It was hard not to find yourself taking to Greville. His vanity and testiness actually made him fairly amusing company in short bursts. These were offset by the natural affability of the successful salesman (which is what he was, really) and a readiness to buy the next round, the latter being an unwritten requirement for residence on the Plaza Gomila, the main square of El Terreno, a suburb of Palma de Mallorca which at that time supported an enclave of English-speaking expats engaged full-time in drinking themselves to death.

Greville drank all right, but at the time I knew him, in the early 1980s, he was not nearly as self-destructive about it as were his cronies. One of the latter remembers him as that oddity, a daytime drinker who started off extremely talkative and sociable, only to become taciturn as the day wore on. When playing liar’s poker, he would sometimes drop the dice into his gin and tonic instead of the dice cup. Once he went off to the gents and lingered so long that he didn’t get let out until the cleaning lady turned up the next morning -- and swore he hadn’t passed out. No, not quite the “tradecraft” you would expect from a secret agent.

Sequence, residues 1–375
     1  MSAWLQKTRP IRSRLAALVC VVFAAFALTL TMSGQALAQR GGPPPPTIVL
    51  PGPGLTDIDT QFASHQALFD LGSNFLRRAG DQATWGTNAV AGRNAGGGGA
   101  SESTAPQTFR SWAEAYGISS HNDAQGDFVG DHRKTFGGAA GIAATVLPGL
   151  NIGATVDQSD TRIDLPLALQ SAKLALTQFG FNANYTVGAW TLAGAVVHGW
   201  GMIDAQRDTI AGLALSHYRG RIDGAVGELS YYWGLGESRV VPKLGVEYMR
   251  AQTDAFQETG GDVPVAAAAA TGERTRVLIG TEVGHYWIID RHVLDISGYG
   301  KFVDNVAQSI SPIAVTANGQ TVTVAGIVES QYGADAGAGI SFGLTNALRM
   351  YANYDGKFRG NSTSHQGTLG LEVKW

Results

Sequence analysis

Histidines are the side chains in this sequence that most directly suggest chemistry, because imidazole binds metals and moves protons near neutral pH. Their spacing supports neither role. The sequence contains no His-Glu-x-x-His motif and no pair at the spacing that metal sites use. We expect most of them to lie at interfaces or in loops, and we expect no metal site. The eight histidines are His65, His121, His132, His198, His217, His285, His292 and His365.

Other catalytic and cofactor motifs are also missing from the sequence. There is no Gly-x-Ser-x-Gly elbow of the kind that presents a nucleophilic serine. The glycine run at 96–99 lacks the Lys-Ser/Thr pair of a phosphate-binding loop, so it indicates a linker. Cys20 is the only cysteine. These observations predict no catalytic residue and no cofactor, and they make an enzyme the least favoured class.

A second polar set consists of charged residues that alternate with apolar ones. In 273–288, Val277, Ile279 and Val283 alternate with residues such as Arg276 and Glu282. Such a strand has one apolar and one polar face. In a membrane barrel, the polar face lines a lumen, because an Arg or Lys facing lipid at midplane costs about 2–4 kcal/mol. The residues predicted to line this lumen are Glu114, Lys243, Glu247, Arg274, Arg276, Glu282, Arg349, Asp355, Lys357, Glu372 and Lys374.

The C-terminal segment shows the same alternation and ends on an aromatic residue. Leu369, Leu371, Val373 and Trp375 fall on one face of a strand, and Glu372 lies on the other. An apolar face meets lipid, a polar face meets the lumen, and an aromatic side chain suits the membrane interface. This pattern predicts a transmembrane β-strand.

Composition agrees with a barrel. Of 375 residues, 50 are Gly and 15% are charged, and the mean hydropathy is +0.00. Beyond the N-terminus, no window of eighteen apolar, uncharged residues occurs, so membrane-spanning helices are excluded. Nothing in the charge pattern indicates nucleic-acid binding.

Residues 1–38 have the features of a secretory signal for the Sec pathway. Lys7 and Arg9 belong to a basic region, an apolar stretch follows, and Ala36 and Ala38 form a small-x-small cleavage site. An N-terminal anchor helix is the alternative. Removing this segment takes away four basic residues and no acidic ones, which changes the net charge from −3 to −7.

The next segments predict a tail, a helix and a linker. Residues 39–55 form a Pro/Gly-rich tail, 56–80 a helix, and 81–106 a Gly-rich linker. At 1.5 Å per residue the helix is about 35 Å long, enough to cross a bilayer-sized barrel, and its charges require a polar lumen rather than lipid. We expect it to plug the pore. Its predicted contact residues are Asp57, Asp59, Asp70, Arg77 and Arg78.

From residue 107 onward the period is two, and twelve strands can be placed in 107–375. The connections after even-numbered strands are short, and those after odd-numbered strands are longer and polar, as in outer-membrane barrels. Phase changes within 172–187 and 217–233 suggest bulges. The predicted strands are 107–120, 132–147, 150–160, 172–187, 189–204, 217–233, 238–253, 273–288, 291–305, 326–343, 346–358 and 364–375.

For no discernable reason at all, he might turn his nose up at the casual friend he had been socializing with that same morning. He was estranged from his grown son. When Spanish workmen once interrupted his afternoon nap, he hurled an oath down on them from the balcony of his fifth-floor flat and unwisely accompanied it with an empty plastic bottle crate. The Guardia Civil was summoned. Now Greville had been given a confidential number to ring if ever found himself in trouble in Spain, and ring it was what he did. Unfortunately, his tantrum coincided with the start of a three-day holiday weekend. He had not imagined (few would) that the Spanish secret service keeps regular office hours, and so had to wait until Monday to be let out of the lockup.